The Duke-UNC Consortium for Middle East Studies, a partnership between the UNC Center for Middle East and Islamic Studies and the Duke University Middle East Studies Center, hosted a five-day, virtual seminar for K-12 teachers across the country from August 3-7. The seminar, “Diversities of the Middle East,” was funded by a Title VI grant from the United States Department of Education. This professional development program introduced teachers to the region, countering reductive narratives about the Middle East and North Africa.
Including both synchronous and asynchronous sessions, the program highlighted the religious, geographic, ethnolinguistic, economic and cultural diversity found across the Middle East and North Africa. “I was looking to find a conference to learn more about the Middle East as part of an effort to make my courses less Eurocentric,” shared a world history teacher from Pennsylvania. “Each session that I attended related very well with topics that I cover in my courses.”
The seminar featured a variety of digital teaching and learning tools, ranging from audio-visual materials to the use of Zoom breakout rooms. “Though the pandemic has caused much uncertainty and loss, it has also inspired new kinds of programming that have broader geographic scope,” stated Emma Harver, director of outreach for the Duke-UNC Consortium for Middle East Studies. More than one hundred educators from across the country participated in the seminar throughout the week.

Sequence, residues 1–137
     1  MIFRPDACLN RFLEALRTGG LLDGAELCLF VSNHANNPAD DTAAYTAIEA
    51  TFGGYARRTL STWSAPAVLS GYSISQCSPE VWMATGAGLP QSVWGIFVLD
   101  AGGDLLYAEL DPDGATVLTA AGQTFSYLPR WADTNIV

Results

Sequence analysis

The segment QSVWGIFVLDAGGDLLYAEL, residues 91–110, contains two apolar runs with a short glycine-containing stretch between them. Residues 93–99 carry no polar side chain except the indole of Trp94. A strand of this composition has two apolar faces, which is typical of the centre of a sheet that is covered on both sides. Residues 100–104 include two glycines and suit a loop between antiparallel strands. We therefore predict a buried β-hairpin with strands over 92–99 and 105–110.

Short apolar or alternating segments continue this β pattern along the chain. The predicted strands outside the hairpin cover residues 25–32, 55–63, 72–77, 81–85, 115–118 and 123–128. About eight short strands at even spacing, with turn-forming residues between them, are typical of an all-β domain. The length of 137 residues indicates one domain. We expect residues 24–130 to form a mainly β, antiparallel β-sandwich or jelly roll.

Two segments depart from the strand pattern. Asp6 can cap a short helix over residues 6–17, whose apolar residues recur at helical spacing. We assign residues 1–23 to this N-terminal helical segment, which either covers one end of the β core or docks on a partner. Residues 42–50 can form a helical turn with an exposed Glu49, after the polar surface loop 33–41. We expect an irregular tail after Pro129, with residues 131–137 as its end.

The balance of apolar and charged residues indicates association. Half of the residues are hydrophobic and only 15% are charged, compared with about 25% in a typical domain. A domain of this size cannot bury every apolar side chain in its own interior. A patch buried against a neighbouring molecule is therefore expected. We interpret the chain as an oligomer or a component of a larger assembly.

The seminar was designed to allow teachers flexibility based on their schedules and interests. Registrants selected from a wide range of sessions. Synchronous sessions included presentations such as “Using Non-traditional Media to Teach about the Middle East” by Rustin Zarkar, librarian for Middle East and Islamic studies at UNC-Chapel Hill, and “Minorities in the Middle East” by Sarah Shields, professor and director of graduate studies in the UNC Department of History.
Asynchronous sessions included engagement with selected poems from the Middle East and North Africa region and a screening of Wadjda, the first feature length film created by a female Saudi director, filmed entirely in Saudi Arabia. The seminar concluded with a synchronous discussion that featured director of Wadjda, Haifaa al-Mansour, and was moderated by Miriam Cook, professor emerita of Arab cultures at Duke University.
A high school teacher from New York City reflected that the week’s presentations and seminars offered “a variety of learning experiences and provided useful information and resources to take back into my classroom as well as for my own learning.”
This semester, the Duke-UNC Consortium for Middle East aims to connect teachers with relevant, digital resources and professional learning on the region in response to teachers’ needs caused by the pandemic. This includes the launch of an online course, the Modern Middle East, for teachers and the coordination of a virtual exchange program between teachers in the United States and in the Middle East and North Africa. For additional information on programming, please visit the UNC Center for Middle East and Islamic Studies website.
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